This robot can help you meet the requirements of your online shopping
Imagine the moment you have fingertip vacuum cleaners — unless you use hallucinogens — then you shouldn’t imagine that. Each absorber comes in a different size and flexibility, making one finger ideal for sticking to a flat surface like cardboard, another more suitable for round things like a ball, another better for something irregular, like a vase. By itself, each figure can be limited to what things it can handle. But, together, they can work in a team to manipulate different objects.
This is the idea of Ambi Robotics, a lab-grown startup that is now emerging from stealth mode with an operating system to launch robotic classifiers and such manipulating machines. The founders of the company want to put the robots to work in jobs that should be frightened by any rational machine: Collecting objects in warehouses. What reaches people so easily – catching any object that isn’t very heavy – is really a nightmare for robots. After research in robotics labs around the world, machines are still not close to our skill. But maybe what they need are finger tip vacuum cleaners.
Ambi Robotics was founded at the University of California, Berkeley A research project called Dex-Net which models how robots should hold ordinary objects. Think of it as a version of robotics that AI scientists build to perceive images. To train machines to detect a cat, researchers need to build a database of many, many images of felines. Each time, they would draw a cat around the cat to teach the neural network: Look, this is a cat here. After the network looked at a number of examples, he was able to “generalize” them to a new image he would never have seen if the cat was automatically detected.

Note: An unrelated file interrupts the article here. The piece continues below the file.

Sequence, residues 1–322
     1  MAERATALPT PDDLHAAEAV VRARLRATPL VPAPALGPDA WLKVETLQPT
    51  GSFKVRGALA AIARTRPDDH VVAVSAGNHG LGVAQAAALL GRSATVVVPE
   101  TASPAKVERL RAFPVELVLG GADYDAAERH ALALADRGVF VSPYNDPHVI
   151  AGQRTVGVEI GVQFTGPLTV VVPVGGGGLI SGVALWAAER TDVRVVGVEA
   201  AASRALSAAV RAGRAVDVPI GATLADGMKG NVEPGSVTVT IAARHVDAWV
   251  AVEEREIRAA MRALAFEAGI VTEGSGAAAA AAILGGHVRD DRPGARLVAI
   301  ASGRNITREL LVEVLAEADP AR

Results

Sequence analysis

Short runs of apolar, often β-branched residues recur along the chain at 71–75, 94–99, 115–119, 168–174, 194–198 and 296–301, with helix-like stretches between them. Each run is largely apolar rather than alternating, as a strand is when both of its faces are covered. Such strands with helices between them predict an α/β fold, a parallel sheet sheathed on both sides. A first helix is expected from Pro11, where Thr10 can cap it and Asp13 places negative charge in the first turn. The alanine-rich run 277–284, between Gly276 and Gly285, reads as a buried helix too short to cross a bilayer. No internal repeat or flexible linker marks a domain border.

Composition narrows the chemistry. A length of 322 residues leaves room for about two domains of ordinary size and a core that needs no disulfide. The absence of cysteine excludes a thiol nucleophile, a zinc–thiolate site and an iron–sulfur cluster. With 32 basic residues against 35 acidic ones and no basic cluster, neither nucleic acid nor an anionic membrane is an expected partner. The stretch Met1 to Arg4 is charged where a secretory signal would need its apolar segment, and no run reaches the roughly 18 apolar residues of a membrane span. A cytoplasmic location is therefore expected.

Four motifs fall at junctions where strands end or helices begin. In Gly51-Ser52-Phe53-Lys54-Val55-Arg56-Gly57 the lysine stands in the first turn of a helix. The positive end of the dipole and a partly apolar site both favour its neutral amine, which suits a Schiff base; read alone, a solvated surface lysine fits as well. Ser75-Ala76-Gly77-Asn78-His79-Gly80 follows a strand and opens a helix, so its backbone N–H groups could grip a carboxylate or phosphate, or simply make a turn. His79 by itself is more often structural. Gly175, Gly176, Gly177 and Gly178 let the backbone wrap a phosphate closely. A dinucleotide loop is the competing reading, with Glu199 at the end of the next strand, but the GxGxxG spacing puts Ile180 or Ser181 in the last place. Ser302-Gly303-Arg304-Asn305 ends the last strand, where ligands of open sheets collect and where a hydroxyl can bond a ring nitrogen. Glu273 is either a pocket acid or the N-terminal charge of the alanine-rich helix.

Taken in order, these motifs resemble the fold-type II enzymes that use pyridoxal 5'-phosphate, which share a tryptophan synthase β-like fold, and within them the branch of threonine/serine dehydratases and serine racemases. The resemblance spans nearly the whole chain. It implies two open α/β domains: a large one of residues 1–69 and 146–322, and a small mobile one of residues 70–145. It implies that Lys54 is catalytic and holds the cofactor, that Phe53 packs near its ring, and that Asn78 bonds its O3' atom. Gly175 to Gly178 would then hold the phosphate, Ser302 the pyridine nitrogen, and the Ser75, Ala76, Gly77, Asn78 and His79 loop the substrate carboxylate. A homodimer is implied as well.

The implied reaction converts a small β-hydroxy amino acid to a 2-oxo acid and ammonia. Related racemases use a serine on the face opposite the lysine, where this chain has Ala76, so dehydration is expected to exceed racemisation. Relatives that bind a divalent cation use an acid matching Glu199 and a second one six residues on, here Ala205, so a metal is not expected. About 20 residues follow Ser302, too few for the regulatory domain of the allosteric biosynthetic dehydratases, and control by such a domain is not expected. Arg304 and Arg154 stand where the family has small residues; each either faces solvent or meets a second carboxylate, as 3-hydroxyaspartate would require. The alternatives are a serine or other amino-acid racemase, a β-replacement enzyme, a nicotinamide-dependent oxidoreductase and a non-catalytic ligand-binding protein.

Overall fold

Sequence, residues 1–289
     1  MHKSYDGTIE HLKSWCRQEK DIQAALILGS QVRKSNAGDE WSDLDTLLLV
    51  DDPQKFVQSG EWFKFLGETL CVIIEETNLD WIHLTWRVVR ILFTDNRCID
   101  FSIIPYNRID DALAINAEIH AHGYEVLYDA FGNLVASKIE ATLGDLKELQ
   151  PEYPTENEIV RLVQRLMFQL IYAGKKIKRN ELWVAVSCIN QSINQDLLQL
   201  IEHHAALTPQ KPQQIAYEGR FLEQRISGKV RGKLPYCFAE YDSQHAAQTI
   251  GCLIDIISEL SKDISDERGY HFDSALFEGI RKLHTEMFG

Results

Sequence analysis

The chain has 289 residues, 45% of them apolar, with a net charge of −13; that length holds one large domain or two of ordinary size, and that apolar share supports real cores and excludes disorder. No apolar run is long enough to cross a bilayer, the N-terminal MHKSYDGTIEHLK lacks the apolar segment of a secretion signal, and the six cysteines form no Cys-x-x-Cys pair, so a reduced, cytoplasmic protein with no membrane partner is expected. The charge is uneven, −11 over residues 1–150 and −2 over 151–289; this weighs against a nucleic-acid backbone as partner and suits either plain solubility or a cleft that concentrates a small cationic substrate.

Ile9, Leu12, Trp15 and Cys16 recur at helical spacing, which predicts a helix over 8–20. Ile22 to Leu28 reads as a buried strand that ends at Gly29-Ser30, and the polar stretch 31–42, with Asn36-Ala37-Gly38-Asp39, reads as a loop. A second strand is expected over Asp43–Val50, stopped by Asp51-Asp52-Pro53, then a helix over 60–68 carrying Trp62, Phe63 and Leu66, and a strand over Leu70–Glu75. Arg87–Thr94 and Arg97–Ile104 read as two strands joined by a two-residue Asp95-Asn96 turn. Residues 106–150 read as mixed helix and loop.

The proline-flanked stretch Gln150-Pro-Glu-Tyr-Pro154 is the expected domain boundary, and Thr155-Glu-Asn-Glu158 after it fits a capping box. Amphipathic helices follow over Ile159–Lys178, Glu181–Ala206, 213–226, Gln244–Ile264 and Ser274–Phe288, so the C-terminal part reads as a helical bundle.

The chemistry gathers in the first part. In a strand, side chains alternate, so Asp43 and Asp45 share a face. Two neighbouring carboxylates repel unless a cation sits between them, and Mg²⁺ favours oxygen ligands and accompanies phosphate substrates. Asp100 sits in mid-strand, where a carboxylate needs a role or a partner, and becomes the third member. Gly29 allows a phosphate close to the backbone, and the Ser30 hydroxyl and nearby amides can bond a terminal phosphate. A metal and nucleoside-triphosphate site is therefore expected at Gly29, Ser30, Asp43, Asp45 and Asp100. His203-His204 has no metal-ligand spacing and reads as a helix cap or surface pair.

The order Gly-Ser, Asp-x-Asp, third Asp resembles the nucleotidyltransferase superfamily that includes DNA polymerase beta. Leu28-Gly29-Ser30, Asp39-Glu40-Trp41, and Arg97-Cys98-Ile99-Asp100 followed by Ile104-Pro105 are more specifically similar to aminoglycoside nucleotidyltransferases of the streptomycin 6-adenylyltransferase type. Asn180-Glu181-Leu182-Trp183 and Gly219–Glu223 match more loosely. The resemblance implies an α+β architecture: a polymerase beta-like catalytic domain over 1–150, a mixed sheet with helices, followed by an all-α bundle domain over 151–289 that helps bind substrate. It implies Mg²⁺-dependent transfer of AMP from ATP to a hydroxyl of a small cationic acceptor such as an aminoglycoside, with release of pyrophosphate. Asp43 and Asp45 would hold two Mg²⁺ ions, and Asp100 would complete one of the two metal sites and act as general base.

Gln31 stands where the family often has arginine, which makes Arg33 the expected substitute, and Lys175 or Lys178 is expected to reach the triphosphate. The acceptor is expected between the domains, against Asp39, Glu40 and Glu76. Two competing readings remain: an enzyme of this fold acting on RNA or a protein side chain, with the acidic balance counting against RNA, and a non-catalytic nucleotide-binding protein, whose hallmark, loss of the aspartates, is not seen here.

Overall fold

Dex-Net works the same way, but for robots. Working in a simulated space, scientists create 3D models of all kinds of objects, and then calculate where a robot should touch each to get a “strong” handle. For example, if you wanted to catch robots on a ball around the equator, don’t try to pinch one of the poles. That’s obvious, but robots need to learn these things from scratch. “In our case, the examples are not images, but ones that have strong points for capturing 3D objects,” says UC Berkeley robotist Ken Goldberg, who developed Dex-Net and co-founded Ambi Robotics. “Then when we got into that network, it had a similar effect. It started to generalize to new objects.” Even if the robot had never seen a particular object, it could have been called to train with one of its galaxies other to calculate how to better understand objects.
Consider a grotesque ceramic coffee cup made in art class in elementary school. Maybe you chose to adapt in an absurd way, but you probably remembered to give it a handle. When you handed it to your parents and they seemed to like it, they grabbed it by the handle; they saw the part they had in professionally manufactured coffee cups and so knew how to get there. Ambi Robotics ’robotic operating system, AmbiOS, is the equivalent of that previous experience, only for robots.
“Humans, we are able to deduce how to deal with this object, even if it is not like a glass that has ever been made,” says Stephen McKinley, co-founder of Ambi Robotics. “The system can reason what that other object is like, so if you select that part, you can reasonably think it’s a decent schema.”